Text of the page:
Noshir shared what has to be one of the best workshop titles: “Why Netflix thinks I am gay and Amazon thinks I am pregnant.” His message illustrates the limitations of analytics and the challenge of consuming data from multiple sources. As any of us in RD know, simply knowing our faculty members’ keywords is not enough to build a cohesive team; the process is much more nuanced. His description of “traditional teams as hierarchical versus self-assembled and more organic” speaks directly to the need for RD professionals to leverage creative collaborations and provide a high-touch vs a high-tech solution. Our sponsors desire authentic, transdisciplinary collaborations to solve the most challenging questions of our time.

Another high point was the concierge engagement model developed by New York State’s FuzeHub. They are leveraging the power of a Salesforce-like platform to capture leads, engage with industry through regular education/outreach, and drive industry-sponsored research. It is an exceptional and highly successful example of entrepreneurship and higher education. As a member of the core team leading to the implementation of the Ohio Innovation Exchange, launched in Novemeber of 2018, we are eager to adopt some of these practices to promote our site.

The EFS Steering Committee will continue to meet and discuss the meeting evaluation/feedback and chart a course for the future. For example, EFS could collaborate with NORDP and plan a joint conference, become an affinity group, or establish themselves as a new professional association. Stay tuned.

Submitted by Jeff Agnoli, The Ohio State University. My attendance at this forum was co-sponsored by NORDP’s Strategic Alliances Committee. Thank you.

HUDDLE: A New Year’s Resolution You’ll Love to Keep!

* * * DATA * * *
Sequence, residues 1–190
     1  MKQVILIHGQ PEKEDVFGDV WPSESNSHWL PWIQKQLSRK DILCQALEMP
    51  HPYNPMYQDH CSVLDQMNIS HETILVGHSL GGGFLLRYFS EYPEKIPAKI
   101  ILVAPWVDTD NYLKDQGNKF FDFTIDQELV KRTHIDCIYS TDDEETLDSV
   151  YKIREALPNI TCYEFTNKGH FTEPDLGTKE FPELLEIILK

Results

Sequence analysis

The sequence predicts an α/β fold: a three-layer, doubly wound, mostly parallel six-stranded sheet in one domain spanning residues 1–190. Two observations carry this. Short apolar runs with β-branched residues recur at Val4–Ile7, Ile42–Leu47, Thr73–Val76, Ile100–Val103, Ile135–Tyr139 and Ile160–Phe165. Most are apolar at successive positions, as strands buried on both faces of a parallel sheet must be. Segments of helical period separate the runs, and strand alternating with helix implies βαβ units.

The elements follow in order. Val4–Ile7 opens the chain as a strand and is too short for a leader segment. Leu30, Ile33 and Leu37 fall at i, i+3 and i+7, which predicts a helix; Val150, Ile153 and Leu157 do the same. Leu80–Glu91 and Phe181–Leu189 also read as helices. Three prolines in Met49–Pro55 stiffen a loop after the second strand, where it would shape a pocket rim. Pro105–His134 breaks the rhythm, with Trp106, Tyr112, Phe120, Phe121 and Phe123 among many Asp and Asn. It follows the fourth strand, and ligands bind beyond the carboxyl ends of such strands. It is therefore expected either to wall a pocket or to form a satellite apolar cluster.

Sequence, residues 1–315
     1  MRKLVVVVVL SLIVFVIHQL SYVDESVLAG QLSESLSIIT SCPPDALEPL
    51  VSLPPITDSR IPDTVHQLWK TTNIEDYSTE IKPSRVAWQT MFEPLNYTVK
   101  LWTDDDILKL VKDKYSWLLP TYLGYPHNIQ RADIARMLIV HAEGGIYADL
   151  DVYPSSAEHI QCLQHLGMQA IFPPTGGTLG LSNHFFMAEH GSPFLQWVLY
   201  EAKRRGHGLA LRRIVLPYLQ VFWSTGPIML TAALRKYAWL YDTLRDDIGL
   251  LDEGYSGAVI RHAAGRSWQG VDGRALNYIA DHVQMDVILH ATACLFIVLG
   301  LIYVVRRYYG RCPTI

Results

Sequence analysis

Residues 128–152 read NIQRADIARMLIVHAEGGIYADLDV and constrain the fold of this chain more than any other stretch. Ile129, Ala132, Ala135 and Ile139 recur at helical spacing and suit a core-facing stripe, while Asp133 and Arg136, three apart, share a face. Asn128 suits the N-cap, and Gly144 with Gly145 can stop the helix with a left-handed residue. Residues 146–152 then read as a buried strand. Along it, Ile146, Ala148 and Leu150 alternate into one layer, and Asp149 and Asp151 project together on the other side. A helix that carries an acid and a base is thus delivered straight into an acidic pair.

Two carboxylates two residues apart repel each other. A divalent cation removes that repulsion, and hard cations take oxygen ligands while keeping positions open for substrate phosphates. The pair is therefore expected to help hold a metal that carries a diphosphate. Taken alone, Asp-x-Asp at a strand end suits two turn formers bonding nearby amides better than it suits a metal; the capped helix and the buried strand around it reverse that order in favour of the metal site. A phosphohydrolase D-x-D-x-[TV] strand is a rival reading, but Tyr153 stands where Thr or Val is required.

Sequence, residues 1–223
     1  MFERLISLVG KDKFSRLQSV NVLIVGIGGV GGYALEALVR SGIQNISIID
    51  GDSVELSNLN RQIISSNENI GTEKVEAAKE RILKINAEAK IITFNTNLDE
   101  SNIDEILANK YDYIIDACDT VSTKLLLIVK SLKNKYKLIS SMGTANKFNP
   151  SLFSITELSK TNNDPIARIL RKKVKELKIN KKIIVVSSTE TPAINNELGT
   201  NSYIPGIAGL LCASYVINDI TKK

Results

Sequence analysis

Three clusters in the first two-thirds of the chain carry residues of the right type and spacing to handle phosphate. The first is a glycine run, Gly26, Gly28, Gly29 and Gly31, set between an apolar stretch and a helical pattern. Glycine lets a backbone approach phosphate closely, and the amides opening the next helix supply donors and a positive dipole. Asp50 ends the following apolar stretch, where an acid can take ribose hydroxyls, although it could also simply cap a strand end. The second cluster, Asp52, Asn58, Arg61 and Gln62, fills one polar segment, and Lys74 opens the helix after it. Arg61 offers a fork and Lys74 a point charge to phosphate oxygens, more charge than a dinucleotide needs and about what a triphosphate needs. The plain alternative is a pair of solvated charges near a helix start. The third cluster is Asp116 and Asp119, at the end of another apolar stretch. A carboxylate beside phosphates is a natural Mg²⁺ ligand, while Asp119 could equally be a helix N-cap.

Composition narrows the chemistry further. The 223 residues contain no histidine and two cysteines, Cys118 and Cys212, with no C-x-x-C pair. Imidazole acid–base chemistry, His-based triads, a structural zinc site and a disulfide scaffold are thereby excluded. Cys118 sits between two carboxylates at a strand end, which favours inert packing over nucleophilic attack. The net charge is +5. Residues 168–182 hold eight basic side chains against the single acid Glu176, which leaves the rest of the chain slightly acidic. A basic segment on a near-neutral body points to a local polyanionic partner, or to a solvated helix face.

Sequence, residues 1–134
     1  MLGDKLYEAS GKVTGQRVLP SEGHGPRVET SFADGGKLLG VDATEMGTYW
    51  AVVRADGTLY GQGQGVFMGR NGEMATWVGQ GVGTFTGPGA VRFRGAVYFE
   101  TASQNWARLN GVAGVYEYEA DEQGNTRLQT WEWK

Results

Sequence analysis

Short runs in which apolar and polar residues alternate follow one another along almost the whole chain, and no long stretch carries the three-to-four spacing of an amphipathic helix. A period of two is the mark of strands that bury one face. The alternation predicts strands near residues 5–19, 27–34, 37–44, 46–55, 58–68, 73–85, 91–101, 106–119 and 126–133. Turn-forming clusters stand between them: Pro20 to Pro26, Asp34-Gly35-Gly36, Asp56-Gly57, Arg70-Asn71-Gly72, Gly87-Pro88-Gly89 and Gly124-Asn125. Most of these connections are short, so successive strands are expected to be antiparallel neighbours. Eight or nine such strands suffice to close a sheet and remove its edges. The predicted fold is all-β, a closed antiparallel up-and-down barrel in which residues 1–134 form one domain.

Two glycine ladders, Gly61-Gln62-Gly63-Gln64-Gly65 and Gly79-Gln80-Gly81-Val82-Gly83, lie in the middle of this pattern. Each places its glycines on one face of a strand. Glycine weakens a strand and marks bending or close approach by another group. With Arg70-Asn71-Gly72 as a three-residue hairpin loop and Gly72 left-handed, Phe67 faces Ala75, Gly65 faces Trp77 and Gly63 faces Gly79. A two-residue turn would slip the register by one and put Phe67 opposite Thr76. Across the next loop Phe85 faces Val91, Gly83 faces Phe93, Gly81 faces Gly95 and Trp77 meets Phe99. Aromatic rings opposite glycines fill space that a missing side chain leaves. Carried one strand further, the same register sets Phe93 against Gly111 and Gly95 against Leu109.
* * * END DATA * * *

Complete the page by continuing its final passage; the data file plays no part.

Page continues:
Dear NORDP Colleagues,

We ALWAYS hear that the best thing about attending a NORDP conference (even beyond all the great information and education) is the JOY of connecting with new colleagues and renewing the friendships we’ve made during our years in Research Development.

But why wait an entire year? Take this New Year’s Resolution with us: Let’s get together throughout the year by letting one another know when we are attending a business-related conference, so we can HUDDLE! Let’s not rely on serendipity or fickle fate!

It’s simple. When you decide you are attending a conference, send an email to the NORDP listserv and invite other members who may be attending for their organization to HUDDLE with you sometime at the conference. It adds another dimension to your conference and it’s just FUN to get together this way!

Our best wishes for a productive and wonderful 2019!

Warm regards, your Strategic Alliance Committee Co-Chairs

Rachel Dresbeck
Gretchen Kiser
Peggy Sundermeyer

NORDP fosters a culture of inclusive excellence by actively promoting and supporting diversity, inclusion and equity in all its forms to expand our worldview, enrich our work, and elevate our profession.

National Postdoc Appreciation Week (NPAW), Sept. 17-21

The first ever National Postdoc Appreciation day was held on September 24th 2009, and in 2010, NPAW was nationally recognized when the U.S. House of Representatives passed H.RES. 1545. The National Postdoctoral Association (NPA), in collaboration with its affiliated Postdoc Associations and Offices at institutes across the country recognize the passion, the perseverance, the hard work and toil, and the commitment to their craft that postdocs across the country demonstrate every single day. These organizations host networking events, breakfast and ice-cream socials, motivational speakers, receptions, and game nights, to name a few.